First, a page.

Say Yes to Education played an integral part in providing that hope for Jaquiel. “Say Yes has allowed me to find my niche. It has shown me where I wanted to go and what I wanted to do. It has shown me my passion for people. I have seen where my element is, where my place in life is. It has shown me that I want to be a liaison for other people, to show them that they can get out and do what they want with their life. My grandfather always says to me “When the door is open for you, you leave it open, for someone else to come in after you.” That’s ultimately what I am trying to do, just leave the door open, because that’s what Say Yes did for me.”
Moving forward, Jaquiel thinks that Syracuse and Say Yes are intertwined; that the presence of Say Yes has invigorated the city to become greater: “Say Yes makes us ask “Okay, what else can we do to make the city better? How far can we raise the bar?” That is where the city is at right now. The city is mentally together and everybody is coming to a point where we want to see how far we can go. It’s becoming more than just a basketball city, more than the city that has Syracuse University.”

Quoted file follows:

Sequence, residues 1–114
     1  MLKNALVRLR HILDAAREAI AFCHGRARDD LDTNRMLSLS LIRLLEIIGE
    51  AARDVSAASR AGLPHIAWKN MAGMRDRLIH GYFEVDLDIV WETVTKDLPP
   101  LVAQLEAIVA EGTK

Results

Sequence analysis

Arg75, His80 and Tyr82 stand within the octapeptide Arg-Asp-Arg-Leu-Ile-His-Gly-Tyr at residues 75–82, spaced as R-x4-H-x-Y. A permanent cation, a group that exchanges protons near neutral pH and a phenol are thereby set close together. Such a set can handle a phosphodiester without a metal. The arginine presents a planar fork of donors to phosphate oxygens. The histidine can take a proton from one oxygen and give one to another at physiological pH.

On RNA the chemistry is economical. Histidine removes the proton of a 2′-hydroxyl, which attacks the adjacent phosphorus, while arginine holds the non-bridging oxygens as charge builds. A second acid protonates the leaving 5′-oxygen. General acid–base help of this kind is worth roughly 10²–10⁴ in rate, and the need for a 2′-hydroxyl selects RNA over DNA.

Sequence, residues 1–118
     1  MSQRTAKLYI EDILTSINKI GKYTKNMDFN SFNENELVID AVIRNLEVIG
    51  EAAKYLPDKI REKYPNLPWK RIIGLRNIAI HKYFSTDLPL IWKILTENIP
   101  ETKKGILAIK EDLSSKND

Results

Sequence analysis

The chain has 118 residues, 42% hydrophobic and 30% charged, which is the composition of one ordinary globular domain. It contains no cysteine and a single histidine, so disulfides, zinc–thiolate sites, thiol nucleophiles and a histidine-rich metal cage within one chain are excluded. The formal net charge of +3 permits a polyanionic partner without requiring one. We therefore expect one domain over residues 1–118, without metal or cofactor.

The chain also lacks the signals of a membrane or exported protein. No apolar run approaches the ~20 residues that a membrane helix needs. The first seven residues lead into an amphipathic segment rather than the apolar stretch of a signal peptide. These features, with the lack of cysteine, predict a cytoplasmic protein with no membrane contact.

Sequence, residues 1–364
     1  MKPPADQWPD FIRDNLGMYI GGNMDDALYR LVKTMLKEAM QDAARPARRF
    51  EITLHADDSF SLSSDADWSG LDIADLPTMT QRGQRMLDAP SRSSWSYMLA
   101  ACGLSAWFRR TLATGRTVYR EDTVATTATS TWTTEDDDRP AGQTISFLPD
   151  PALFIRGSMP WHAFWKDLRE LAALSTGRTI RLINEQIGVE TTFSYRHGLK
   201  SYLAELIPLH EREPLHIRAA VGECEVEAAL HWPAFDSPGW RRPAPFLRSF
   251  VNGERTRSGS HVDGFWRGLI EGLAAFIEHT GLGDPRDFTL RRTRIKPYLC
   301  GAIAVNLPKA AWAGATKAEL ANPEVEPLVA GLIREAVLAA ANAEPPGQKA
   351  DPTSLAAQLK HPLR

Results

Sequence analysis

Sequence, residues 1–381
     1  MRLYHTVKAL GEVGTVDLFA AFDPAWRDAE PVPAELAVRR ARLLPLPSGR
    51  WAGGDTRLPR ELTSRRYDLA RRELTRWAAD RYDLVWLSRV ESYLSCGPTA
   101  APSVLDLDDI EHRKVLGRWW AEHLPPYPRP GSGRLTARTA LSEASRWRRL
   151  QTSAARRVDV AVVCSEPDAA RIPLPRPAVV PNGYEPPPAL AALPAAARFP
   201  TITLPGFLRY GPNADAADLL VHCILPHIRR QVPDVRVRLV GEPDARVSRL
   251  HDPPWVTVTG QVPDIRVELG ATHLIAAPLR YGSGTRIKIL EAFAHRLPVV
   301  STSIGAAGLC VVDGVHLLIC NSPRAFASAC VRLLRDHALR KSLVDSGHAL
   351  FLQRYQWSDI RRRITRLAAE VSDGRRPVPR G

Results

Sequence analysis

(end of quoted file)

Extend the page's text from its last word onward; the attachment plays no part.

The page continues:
If you have had the pleasure of hearing Jaquiel speak, you understand the amount of passion and drive he brings to his goals. After Westbury, Jaquiel is “shooting for the stars” for law school at SU, Howard NYU, UCLA or Columbia in an effort to be able to better influence the youth of Syracuse. He will be recognized on a grander scale than Syracuse one day, and if it is in the form of a movie, Jaquiel will still be trying to make Syracuse better: “I don’t know who would play me, but the kids gotta be good looking. I would have to hold auditions. I would want him to be from Syracuse though. I feel like that would be a nice touch.”
Spotlight by:Jason Ashley
Intern, Say Yes to Education | Syracuse